Chroniques à musicwaves.fr
By Dave on Wednesday, September 29th 2010 12:11 am
The French webzine musicwaves.fr has done reviews of both my CDs this month.
...this album rivals the best bands of the moment. Unclassifiable no doubt, but also full of class!
it is simply reassuring that a gifted freelance musician arrives today to produce a sound as rich and exotic, where the technical complexity and originality blend with beauty and finesse
The google translations are more readable than usual.
Oddly enough I find myself shipping more CDs to Europe generally and France specifically than I do domestically this time around. I guess Franco-American relations aren't so bad after all.
Sea of Tranquility chimes in on Notes in the Margin
By Dave on Saturday, September 25th 2010 10:52 pm
Jon Neudorf in his 4 star review of Notes in the Margin writes:
Kulju has made an excellent sophomore effort with Notes in the Margin. Fans of Gilmour inspired guitar work and melodic progressive rock will surely want this in their collection and I can see this one getting plenty of more spins in the days and months to come.
Reviews from DPRP and merlinprog.com
By Dave on Sunday, August 29th 2010 8:25 pm
Geoff Feakes from the Dutch Progressive Rock Pages has penned a "DPRP Recommended" review for Notes in the Margin. Here is an excerpt:
Once again I feel Dave Kulju has produced an instantly accessible album that satisfies both the head and the heart. And whilst it builds on the solid foundations of his previous work it demonstrates that as a musician he is not standing still and in the true spirit of progressive rock is prepared to explore different horizons. It also benefits from his wonderfully spacious production, adding that extra polish that music of this quality richly deserves.
And also a positive review from Norwegian site merlinprog.com Here is a very roughly translated excerpt:
The album has almost no dead spots and it is a very solid craftsmanship in all aspects. A great focus on balancing elements and dynamics mean that the interest of the listener is always maintained, with room for great solos. We sincerely hope that the prog audience enters Kulju's often pleasant but never indifferent musical universe, and not ignore a great artist who has plenty of talent and songwriting abilities.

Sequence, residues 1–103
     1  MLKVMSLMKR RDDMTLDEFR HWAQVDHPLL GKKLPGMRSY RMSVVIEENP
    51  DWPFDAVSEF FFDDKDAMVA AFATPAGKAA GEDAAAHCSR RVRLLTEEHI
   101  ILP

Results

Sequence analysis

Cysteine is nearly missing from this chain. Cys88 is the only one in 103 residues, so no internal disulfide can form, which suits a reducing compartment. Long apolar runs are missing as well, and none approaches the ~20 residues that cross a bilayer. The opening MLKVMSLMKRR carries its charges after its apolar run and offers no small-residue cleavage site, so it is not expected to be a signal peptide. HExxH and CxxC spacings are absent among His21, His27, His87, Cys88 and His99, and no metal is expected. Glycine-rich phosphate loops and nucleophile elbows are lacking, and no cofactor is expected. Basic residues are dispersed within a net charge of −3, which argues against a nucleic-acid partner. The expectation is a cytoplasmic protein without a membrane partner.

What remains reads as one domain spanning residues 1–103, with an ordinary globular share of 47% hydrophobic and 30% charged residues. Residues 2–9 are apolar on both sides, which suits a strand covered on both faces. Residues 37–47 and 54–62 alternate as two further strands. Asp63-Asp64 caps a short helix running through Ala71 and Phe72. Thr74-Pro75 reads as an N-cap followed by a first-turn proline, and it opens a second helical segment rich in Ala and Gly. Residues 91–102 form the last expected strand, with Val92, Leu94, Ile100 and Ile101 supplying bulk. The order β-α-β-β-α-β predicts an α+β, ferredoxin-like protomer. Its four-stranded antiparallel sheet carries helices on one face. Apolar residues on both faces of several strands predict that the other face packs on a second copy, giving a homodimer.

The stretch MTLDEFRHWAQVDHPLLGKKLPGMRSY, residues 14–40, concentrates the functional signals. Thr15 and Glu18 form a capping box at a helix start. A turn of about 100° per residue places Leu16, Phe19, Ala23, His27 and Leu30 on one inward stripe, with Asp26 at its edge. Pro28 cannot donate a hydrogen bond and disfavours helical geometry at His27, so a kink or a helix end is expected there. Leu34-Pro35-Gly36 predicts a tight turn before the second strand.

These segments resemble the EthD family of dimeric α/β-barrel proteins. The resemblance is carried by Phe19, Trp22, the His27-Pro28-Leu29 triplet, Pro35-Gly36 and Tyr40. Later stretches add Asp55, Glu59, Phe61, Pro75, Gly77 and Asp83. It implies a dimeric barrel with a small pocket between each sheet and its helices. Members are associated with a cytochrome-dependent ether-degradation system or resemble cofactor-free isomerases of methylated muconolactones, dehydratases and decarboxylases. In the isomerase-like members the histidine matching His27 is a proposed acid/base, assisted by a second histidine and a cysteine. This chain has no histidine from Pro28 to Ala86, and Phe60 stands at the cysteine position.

Music in Belgium review of Notes in the Margin
By Dave on Sunday, August 22nd 2010 4:50 pm
The review is in French which you can read over at the Music in Belgium website. I've attempted a translation with a few different online tools, hopefully this is close.
His first album "Abstract Expression" was released in 2007. At the end of that year, Dave Kulju turned to his old typewriter, sorry ... of course his guitar and started writing this new album. The centerpiece is based on two poems of Amanda Joy dealing with dreams and the world around us. While anchored in the continuity, the second disc benefits from cleaner production and a better dynamic. The Jazz-Rock Fusion is set aside for a bit more diversity.
Again, Dave Kulju has done almost everything himself except the drums performed by the faithful Frank Basile. Note also the presence of violinist Ian Cameron who appeared on the first album. Finally, a novelty, Dave turned to a singer, Annie Oya, so this album is only half instrumental.
"Skating is Europa" ventures into space rock with a hypnotic rhythm, patches of keyboards and post rock guitar tones. The inspiration came from a strange message on his voicemail and 2010 book by Arthur C. Clark. "Know Again" is rooted in a Greek tragedy. Guitar and keyboards share the spotlight.
The showpiece is called "A Poet's Talespin". Nearly half an hour (or more than half of the CD!) with singer Annie Oya. That brings a new direction for Kulju's music. A classical piano provides the introduction. In part 2, the singer comes up with a soft voice, almost whispering, and takes more power over time, with a bit of a Maggie Reilly sound. A trio of acoustic guitar, bass and drums take over in part 3. Keyboards give the song shine and mystery. Then, strings introduce the impressive fourth act before giving way to vocals and piano. Finally, the play ends smoothly, very airy, with a floydian guitar solo.